Design and develop responsibly. The University will continue its strong integrative design process for construction and renovation projects to meet new sustainability targets and objectives. This will include a focus on how building and landscape design can encourage sustainable behaviors, while making more efficient use of lands and existing buildings.

Cultivate healthy and resilient habitats. Princeton will aim to improve natural ecosystems on campus and make more connections  to natural habitat areas around campus, with a particular focus on forests.

Vice President for Facilities KyuJung Whang said the sustainability plan “is the culmination of a long and rigorous process that will serve Princeton well for decades to come.” The plan was developed with input from a number of faculty, staff and student groups, as well as sustainability leaders outside the University. 

“It is through these types of thoughtful and deliberate strategies that we are going to accomplish our future sustainability goals,” Whang said. 

Professor of psychology and public affairs Elke Weber, co-chair of the Princeton Sustainability Committee, said her research on behavioral decision-making and the environment shows that, for credibility and for impact, parents, teachers, scientists and universities must practice what they preach.  

“Princeton’s Sustainable Action Plan is exemplary in converting existing analysis of the environmental impacts of our individual and collective actions into best practice guidelines and goals,” said Elke Weber, who is also the Gerhard R. Andlinger Professor in Energy and the Environment. 

Julie Newman, sustainability director at the Massachusetts Institute of Technology, said Princeton has been a leader in developing a comprehensive commitment to sustainability. Newman served on an external sustainability review committee for Princeton.

“Higher education remains uniquely positioned to drive an understanding of and seek solutions for climate change,” Newman said. “Through research and science, universities have a responsibility of engaging the next generation of leaders, teachers and citizens in seeking innovative solutions to climate change. Princeton’s sustainability plan is a fabulous model for other institutions in setting realistic targets and aspirational goals for the future.”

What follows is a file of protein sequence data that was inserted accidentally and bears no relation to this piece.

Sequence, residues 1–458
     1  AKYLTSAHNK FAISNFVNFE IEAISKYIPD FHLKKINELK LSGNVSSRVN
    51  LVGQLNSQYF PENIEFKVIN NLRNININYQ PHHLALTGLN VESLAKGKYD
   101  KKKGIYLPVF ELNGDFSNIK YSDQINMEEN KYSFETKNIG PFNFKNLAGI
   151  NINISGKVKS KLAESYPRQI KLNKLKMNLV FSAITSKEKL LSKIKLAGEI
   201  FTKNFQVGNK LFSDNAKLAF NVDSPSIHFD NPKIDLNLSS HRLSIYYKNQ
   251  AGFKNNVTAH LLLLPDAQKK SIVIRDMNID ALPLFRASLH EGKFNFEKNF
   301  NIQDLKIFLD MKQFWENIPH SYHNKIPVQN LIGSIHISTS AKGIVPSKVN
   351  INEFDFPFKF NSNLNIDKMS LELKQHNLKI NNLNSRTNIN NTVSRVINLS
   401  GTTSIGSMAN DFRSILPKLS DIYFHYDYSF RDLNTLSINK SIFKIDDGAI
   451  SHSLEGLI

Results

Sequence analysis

Students stand at the S.C.R.A.P. lab

Through a partnership between Facilities and Campus Dining, the S.C.R.A.P. Lab converts food waste into nutrient-rich compost. The S.C.R.A.P. Lab is one of many projects, initiatives and programs that make up the University's Sustainability Plan. 

Plan builds on significant sustainability achievements 

The new sustainability targets build on the 2008 Sustainability Plan, which was Princeton’s first formal commitment to reduce emissions, improve resource conservation, and advance sustainability education, research and campus engagement. The 2008 plan also introduced the Campus-as-Lab initiative that supports faculty, staff and students to test sustainable strategies.

Four circles increasing in size from left to right with the words "you," "campus," "community," and "world" inside them

Princeton hopes to uncover best practices and innovation that could be scaled from the individual to the campus, the community and the world. “Princeton can play a leadership role not only by developing innovative solutions through teaching and research, but also by establishing best practices in our campus operations and community behaviors that serve as models for the world,” President Christopher L. Eisgruber said.

"The University set aggressive goals 10 years ago, and we have achieved meaningful results while continuing to grapple with ‘sticky’ challenges by engaging the academic and operational sides of the University and by working with students, faculty, staff and alumni on creative solutions,” Weber said. 

Achievements during the past 10 years include:

An absolute reduction of carbon dioxide emissions to 1990 levels without the purchase of market offsets, while adding 2 million square feet of built space. Princeton is close to achieving this goal through widespread energy conservation initiatives, building system and energy infrastructure improvements, and the installation of cleaner energy sources such as the University’s solar field and geo-exchange wells.